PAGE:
• No, she hasnt yet. Ive spoken to her about it, but she doesnt want to be rushed. I think she is afraid what they will say. Ive spoken to Macmillan nurses on the phone, myself. And theyve been very helpful, and have been feeding back the positive things to my mum.

  • Hi Jon

    I have recently completed similar treatment for stage 3c. I had my surgery after three ruonds. I would think that if her symptoms are better then the chemo is likely to be having a positive effect. I had a scan which showed that some of the smaller areas had shrunk after three rounds of chemo but importantly the bigger tumours like the one your mum has on her bowel can change in consistency with the chemo rather than just shrink. This means the chemo is having an effect in breaking it down, which in turn means surgery is easier ie the tumour is not so stuck to other parts.

    I asked about a port but if the cannula goes in ok when she has her chemo it's not seen as necessary as it's a possible site for infection etc.

    Good luck

    Jane

  • Thankyou so much, thats really interesting what you say about tumours changing in consistency with chemo rather than just shrinking straight away. I'll pass it on. Many thanks, and the very best of luck to you

  • Hi Jon

    I agree with all the comments so far - especially the one about speaking to the specialist gynae nurse. Mine is great and we are able to make an appiintment to see her when we want to discuss what is happening. I have recently completed the 3 rounds chemo, surgery, 3 rounds chemo rountine. The surgery was not a great success as there were too many tumours to cut out with out seriously affcecting quality of life. But the chemo did affect the tumours and although the scans were inconclusive about how much they had changed I have been very well since the treatment finished last September. OK, the future is a bit uncertain - no-one knows when it will become active again but meanwhile I am having a great time and living rather than worrying. i am a few years older than your Mum but I did go throgh all this when I was 56 and then had a very active 13 years before it came back. So lots of luck to her - and to you.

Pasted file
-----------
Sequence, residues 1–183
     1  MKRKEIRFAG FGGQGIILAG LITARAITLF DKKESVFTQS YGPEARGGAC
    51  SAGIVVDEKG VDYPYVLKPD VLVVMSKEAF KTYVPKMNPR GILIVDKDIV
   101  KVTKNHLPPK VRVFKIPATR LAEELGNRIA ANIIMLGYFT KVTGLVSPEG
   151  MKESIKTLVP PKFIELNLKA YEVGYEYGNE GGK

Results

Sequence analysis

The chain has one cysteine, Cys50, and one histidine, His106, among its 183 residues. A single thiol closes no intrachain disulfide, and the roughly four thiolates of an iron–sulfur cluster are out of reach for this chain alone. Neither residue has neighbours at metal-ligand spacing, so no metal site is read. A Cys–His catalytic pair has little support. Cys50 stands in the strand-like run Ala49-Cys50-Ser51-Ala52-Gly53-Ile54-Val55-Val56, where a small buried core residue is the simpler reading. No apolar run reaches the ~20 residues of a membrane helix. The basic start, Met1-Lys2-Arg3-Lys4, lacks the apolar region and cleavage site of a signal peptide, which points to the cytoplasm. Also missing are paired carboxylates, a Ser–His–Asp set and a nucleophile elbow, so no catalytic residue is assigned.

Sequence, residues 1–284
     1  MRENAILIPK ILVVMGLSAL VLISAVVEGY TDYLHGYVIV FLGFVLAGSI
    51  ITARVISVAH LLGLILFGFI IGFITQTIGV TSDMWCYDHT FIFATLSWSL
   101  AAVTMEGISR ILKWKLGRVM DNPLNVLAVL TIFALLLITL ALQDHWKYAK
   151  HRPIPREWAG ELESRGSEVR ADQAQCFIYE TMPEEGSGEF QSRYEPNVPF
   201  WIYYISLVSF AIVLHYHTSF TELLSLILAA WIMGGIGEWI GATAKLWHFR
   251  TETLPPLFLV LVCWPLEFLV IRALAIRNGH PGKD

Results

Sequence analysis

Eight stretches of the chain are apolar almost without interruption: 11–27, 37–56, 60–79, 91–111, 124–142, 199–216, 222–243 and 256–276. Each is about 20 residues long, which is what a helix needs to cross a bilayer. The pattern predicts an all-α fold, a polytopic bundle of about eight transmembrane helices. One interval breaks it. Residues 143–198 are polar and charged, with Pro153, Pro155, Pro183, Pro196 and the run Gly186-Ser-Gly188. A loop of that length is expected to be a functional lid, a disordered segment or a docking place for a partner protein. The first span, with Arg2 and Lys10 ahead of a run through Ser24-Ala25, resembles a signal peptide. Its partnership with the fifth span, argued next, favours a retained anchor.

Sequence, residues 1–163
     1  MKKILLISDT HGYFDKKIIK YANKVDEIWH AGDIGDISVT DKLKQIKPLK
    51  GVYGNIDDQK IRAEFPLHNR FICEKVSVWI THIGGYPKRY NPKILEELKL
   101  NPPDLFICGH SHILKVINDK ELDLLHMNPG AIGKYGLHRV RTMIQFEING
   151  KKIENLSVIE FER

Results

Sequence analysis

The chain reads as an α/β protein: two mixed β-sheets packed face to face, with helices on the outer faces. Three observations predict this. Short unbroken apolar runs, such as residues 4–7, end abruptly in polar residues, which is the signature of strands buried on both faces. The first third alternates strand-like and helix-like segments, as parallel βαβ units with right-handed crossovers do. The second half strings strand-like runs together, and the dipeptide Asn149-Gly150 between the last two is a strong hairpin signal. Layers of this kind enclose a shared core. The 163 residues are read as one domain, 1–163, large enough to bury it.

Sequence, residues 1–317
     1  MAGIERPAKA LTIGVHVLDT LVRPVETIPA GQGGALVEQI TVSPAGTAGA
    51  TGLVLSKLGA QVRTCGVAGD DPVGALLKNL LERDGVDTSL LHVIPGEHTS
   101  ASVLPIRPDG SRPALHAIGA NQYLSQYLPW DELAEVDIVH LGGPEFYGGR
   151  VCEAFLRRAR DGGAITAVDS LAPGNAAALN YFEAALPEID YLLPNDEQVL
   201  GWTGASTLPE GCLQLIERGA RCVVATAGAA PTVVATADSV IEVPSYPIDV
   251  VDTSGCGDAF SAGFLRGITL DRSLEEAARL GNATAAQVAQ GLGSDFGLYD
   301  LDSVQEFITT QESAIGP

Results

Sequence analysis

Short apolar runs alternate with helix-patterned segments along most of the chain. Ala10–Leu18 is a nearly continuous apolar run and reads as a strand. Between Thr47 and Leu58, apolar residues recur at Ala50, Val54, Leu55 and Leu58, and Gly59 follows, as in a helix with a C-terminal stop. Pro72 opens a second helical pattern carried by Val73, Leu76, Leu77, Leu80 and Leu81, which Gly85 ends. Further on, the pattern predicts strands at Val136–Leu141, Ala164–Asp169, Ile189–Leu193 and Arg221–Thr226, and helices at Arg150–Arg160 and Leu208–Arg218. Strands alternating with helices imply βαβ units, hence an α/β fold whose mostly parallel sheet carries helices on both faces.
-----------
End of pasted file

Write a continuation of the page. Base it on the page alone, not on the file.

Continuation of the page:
Angela

  • Thankyou so much. That is so encouraging to hear. I hope things go well for you.

  • Hi Jon

    I am older than your mother and was diagnosed stage 3c in Sept 2009. My daughter was very worried too. I have been lucky as I responded well to the Chemo and op (after 3rd chemo) though I did get some post op abscesses which made life a little fraught. I find my Macmillan nurse a real support and also the cancer care unit at my local hospital. I know my cancer will return but at present I am well so I am looking on it as a positive experience. At 70 I should not put things off anyway but now I am determined not to put anything off. I am packing in as much life and experience as i can while I can.

    To help me when I go for my bi monthly reviews I keep a diary in which I note anything that concerns me so I can ask about it. The oncologist is great but I also consult the Macmillan nurses when I can and I have found this site most helpful.

    One side effect of the chemo has been the effect of the steroids which have pushed me over into diabetes. I am therefore watching what I eat (low GI) and exercising as much as I can (aqua aerobics and pilates as well as the recumbent bike and walking on the treadmill) I do just what I can without exhausting myself and I am fitter and healthier than my sister who is 6 years younger and does not have cancer.

    I find being positive is what helps most! I wish your mum all the best and meanwhile make the most of every single day!

    One thing I did find helped was a book called "Cancer giggles" which is a printed version of a blog - I laughed so much it made me forget my own concerns!